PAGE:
Question #c7976

3 Answers
Jul 25, 2015

Simply put, because evaporation requires energy.


As the name suggests, evaporative cooling has something to do with evaporation and cooling.

More specifically, it describes cooling that takes place via evaporation.

The underlying principle behind this is the fact that evaporation, which is a phase change, requires energy, i.e. it is an endothermic process.

In order for the molecules that are in the liquid state to be able to go into the vapor state, they need to absorb energy.

When energy in the form of heat is absorbed by the molecules that are in liquid state, the average kinetic energy of these molecules increases. As a result, the molecules that have more kinetic energy and are closer to the surface of the liquid will escape into vapor state.

In your case, the wet bulb will become cooler as more alcohol molecules leave its surface. That happens because the energy needed to evaporate the alcohol comes from the surface of the bulb.

Think of it like this - when one molecule of alcohol evaporates from the surface, it "takes" away energy in the form of heat. This will lower the temperature of the bulb and cause the surface to feel cooler.

By comparison, the dry bulb will not experience this cooling effect because there is no evaporation taking place on its surface, which is why its temperature will be higher that that of the wet bulb.

Jul 25, 2015

The evaporating alcohol takes heat from the thermometer.


When a liquid is a a temperature below it's boiling point it still has some evaporation occurring. What is occurring on a molecular level is individual molecules (of alcohol in this case) gain enough energy to become vapor.

Now because there is no alcohol molecules in the air above the alcohol initially, it readily accepts the alcohol molecules diffusing into it. As the concentration of gaseous alcohol molecules increase, it becomes harder and harder for the liquid molecules to become gaseous because the concentration gradient becomes smaller.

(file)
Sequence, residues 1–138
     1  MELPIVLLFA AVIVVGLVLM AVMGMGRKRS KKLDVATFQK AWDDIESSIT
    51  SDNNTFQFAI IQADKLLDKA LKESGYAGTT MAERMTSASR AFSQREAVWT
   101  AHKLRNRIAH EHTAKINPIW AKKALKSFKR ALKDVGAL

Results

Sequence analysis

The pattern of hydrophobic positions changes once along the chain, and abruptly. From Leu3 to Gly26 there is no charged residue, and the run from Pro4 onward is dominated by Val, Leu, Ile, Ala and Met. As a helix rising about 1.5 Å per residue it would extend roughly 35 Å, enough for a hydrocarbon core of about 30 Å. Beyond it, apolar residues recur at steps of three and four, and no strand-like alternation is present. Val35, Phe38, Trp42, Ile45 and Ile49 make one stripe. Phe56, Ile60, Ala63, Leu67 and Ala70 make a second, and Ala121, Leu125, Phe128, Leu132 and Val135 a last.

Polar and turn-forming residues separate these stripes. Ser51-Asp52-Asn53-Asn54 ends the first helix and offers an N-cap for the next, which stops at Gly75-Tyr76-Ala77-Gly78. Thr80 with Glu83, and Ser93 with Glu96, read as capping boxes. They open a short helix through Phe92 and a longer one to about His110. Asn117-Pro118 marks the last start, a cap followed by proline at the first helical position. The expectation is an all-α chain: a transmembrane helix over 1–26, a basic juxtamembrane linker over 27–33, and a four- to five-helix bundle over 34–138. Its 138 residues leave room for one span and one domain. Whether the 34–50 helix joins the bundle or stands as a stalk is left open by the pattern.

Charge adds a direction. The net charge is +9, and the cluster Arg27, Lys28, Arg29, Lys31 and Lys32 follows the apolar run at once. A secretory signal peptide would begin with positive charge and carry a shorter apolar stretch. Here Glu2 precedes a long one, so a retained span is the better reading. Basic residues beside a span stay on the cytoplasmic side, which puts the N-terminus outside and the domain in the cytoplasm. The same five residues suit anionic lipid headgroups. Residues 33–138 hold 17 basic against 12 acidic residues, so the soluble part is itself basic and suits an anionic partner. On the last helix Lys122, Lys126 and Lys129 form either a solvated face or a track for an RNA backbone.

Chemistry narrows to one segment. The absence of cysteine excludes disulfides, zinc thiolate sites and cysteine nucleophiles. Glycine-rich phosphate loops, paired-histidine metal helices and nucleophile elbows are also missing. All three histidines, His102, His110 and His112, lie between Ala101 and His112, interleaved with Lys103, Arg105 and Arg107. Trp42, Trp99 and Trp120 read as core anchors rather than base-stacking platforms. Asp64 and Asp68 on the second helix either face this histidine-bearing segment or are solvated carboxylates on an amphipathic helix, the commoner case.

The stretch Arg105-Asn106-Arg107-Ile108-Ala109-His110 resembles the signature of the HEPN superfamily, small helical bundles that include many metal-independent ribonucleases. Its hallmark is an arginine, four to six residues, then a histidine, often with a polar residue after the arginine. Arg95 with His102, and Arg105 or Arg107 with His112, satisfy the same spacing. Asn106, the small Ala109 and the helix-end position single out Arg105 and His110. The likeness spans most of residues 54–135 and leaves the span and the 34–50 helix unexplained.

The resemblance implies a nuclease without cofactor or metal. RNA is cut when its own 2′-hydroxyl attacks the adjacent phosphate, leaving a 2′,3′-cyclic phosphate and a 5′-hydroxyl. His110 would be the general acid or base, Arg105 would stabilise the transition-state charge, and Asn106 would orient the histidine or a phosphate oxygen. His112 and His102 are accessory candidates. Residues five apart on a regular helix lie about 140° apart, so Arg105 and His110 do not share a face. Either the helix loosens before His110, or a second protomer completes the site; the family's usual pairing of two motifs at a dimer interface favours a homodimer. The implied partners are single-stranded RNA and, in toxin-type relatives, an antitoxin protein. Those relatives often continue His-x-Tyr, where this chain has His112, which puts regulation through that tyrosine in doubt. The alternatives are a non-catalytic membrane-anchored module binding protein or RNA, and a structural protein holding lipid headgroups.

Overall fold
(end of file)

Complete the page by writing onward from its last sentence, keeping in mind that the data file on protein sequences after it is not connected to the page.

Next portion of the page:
Now when we add the fan, the air above the alcohol has no alcohol it in again, so the concentration gradient increases meaning it more readily accepts the gaseous alcohol.

Finally, the reason the temperature drops is because the individual molecules that gained the energy needed (those I mention in the 1st paragraph) had to get that energy from somewhere. In this case it came as heat from whatever was touching the alcohol, the glass it is sitting in, the air around in and most importantly for this experiment, the thermometer.

That is evaporative cooling.

Jul 26, 2015

It is sweeping away of heat from a liquid due to evaporation (or phase change) as form of latent heat.


The molecules in phase require more energy than liquid phase. So higher energy molecules ( molecules having higher kinetic energy) go out from the liquid lowering the liquid energy level, consequently lower temperature in the liquid.

Using of fan causes a forced evaporation or enhanced evporation in the liquid.